For the sake of my own yarn, I hide mine in transparentsided 66-Quart bins or bins close to this size.So I can see the color of the yarn or item stored in the box and how much yarn I have on my hand.An almost empty bin tells me that it's time to get more of this color as I obviously use a lot of this color in my various projects.
For example, now I have only 4-6 tails in red.I bought these because I knew I didn't have that color.I have some unclear gray rubber bins that I use for black, white and grayWhite.
I put 3x5 cards or the Avery box label with the color name on it on the bin.So I don't have to go through all the solids.Color bins (when I'm not clear)Edge) find the yarn color that was looking for at the time.
In the past.
Before they started making the transparent double sided large plastic case, we used the cardboard storage case under the closet and the bed.This does not work because the yarn can be heavy when a large amount of yarn and cardboard is bent in the middle or the lid is bent, due to the weight of stacking one cardboard on another.I have now replaced most of the cardboard with a plastic case and found that the plastic case is stronger than cardboard.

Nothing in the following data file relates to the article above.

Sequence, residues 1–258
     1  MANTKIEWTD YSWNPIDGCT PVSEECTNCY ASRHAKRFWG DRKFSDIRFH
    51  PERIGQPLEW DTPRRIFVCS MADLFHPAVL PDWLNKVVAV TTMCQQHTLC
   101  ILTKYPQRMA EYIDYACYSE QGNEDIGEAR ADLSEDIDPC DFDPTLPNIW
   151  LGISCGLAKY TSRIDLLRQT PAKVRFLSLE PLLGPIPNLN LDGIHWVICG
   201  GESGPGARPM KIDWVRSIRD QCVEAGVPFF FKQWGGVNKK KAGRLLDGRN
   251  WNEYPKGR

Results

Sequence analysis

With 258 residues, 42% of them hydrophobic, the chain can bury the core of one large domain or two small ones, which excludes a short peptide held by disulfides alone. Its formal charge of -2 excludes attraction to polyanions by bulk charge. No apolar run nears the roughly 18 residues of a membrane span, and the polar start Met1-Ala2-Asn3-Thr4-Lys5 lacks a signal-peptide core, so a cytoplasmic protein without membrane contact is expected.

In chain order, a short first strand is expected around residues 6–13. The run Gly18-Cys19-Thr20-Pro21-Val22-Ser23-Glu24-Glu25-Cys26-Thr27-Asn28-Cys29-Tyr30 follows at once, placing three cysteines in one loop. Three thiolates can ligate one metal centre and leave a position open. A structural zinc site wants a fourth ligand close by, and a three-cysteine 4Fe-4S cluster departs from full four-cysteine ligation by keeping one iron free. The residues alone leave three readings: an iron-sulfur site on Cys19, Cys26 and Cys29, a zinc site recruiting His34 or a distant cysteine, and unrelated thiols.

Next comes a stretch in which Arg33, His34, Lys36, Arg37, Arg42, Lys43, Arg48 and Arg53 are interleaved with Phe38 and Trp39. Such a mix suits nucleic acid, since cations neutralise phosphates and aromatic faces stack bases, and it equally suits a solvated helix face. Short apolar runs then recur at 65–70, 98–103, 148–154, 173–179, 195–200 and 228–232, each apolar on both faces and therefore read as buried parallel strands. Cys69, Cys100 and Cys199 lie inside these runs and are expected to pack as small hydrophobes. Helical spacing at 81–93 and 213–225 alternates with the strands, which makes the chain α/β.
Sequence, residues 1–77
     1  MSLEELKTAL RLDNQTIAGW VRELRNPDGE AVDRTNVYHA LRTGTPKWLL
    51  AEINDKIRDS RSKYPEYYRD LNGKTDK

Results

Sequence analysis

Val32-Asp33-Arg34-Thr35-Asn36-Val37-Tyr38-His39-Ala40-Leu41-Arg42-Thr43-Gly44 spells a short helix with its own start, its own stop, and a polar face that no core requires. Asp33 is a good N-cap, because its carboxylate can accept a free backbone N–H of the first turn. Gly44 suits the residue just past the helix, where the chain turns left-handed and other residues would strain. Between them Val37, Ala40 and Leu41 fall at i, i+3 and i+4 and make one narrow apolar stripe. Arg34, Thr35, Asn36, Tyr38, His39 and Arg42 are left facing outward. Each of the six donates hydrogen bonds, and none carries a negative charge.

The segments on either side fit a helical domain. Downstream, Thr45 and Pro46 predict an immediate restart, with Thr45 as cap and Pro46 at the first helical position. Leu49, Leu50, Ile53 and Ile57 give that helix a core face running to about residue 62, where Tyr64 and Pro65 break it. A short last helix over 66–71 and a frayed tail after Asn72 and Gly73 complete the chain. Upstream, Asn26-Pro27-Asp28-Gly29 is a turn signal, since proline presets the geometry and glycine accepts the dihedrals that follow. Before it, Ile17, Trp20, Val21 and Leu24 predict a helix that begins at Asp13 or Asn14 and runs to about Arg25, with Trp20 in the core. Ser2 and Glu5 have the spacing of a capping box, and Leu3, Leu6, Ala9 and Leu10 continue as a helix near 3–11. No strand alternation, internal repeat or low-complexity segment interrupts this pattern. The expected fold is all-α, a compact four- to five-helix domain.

I also try not to pile them up higher than I can.This has stayed excessive.All weight drops to prevent bending or collapseRemove the box at the bottom from the weight accumulated at the top.When you put a lot of yarn in a box or bin, its weight is amazing.
Use smaller bins if you have a small amount of yarn, but try to keep them the same size so you can stack them.I found 3 to 4 boxes high, about all the weight that the bottom box can support.The stronger trash can at the bottom is the best option for stacking the trash.
In addition, shelves can help store bins.
Match the bin size to the shelf size.
Store items for easy access.
I also use recyclable grocery bags/bags to organize my project.I will get free as long as I can find it.For example, those popcorn that are free from the Jiffy Pop popcorn company (see the quote on the box, where you only need 3 UPC codes to get a free package), sometimes, when they have free bags and percentages I get some from the local staplescan-fit-in-the-bag sale.I even have photos of friends she got from different places.